This is the third in a blog series from participants in Hope for the Future (HFF), a gathering of people of color serving in leadership positions across Mennonite Church USA. HFF gatherings began in 2012 and initially served to create space for mutual support among people of color in Mennonite Church USA institutions and agencies. In recent years there’s been an increased urgency to see change within our organizations — to see intentionality among our institutions to make space for people of color — culturally, interpersonally, systemically. In 2015, white leaders across the denomination were invited to the gathering as participants engaged in discussions around power. HFF 2016 focused on Human Resources: strategy, policy and best practices that together create interculturally competent organizations.
Colleen Brockington is in her 14th year serving as the Administrator of Precious Life Ministries and is an advocate for children with special needs. She has over 25 years of experience working in children’s ministry and is a member of Norristown New Life Nueva Vida Mennonite Church. Colleen lives in Norristown, Pennsylvania and is the mother of two exceptional boys, Marques and Matthias.
As I prepared to attend my second Hope for the Future conference, I reflected on the desired outcome of the 2015 gathering, and I was reminded of the intense emotional engagement, hours of discussion and sharing about how power is disseminated within Mennonite agencies. I wondered if the leadership of Mennonite Church USA had indeed responded to our call to action which was to employ and empower people of color to fulfill their job responsibilities and provide equal access to the necessary resources.
My real question being, had anything changed? I looked forward to an update.
During the 2016 conference, I thought it necessary to take a step back and revisit the question of the true mission and vision of Hope for the Future. Interestingly, I found that many of my fellow participants also wrestled with this same question.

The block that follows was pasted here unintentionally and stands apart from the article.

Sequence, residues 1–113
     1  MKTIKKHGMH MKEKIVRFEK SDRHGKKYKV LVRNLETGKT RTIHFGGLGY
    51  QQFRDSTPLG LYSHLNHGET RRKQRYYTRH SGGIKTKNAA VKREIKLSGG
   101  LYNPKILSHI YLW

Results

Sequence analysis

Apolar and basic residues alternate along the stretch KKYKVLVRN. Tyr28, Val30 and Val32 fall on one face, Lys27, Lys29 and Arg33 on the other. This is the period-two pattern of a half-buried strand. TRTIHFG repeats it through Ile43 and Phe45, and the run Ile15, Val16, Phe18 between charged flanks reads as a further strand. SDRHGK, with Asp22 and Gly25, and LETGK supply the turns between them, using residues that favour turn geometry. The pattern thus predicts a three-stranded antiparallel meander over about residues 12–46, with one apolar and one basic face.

I was disappointed to discover the discussions and dynamics within most agencies had not changed.
My overwhelming concern was, with the time and emotional energy we invested in these discussions to flesh out plans and strategies, can we be assured our ideas are being taken seriously? Or are we going through the motions, participating in an annual “reunion” of sorts, with no influence in systemic change and no agency accountability?
Despite a lack of equitable progress, I felt extremely blessed I was able to reconnect with brothers and sisters of color, forming personal relationships, learning about their ministries and important work within the Mennonite church. It was apparent God knew my need for engagement and was already at work creating connections on my behalf, especially since I am self-employed and therefore my access to the culture within these agencies is limited at best.
I believe one of the ways to ensure progress is to intentionally work in a relational way, which is why it is vital for agencies to engage with integrity by maintaining genuine relationships with people of color and creating open spaces for communication and access. However, who determines what levels of access are fair and just?
So I am left thinking about what we can do as change agents to benefit the future generations.
Being considered part of the “next generation” of people of color who are also Mennonite, I am tasked with maintaining what little momentum we have experienced over the last 30 years or more. I am filled with a yearning to stay the course, to not to be side-tracked by regurgitating conversations which have continued to stifle hopes of progress. This thought process only leads to more questions, specific to agency accountability and action. As people of color, are our experiences taken seriously and valued as a priority at the highest level? More importantly, how can we hold our “white allies” and / or “freedom riders” accountable to influence measurable change and speak on our behalf at times of systemic or blatant injustice?
I will admit, the prospect of justice as it relates to power appears daunting. So many unanswered questions, with the journey murky at best.
However, knowing this is the work God has called us to as his people, I choose to feel hopeful.
Knowing I bring a different perspective, influenced by legacy, truly believing God is able. For only He can continuously renew our spirit and guide us through this arduous journey for his glory.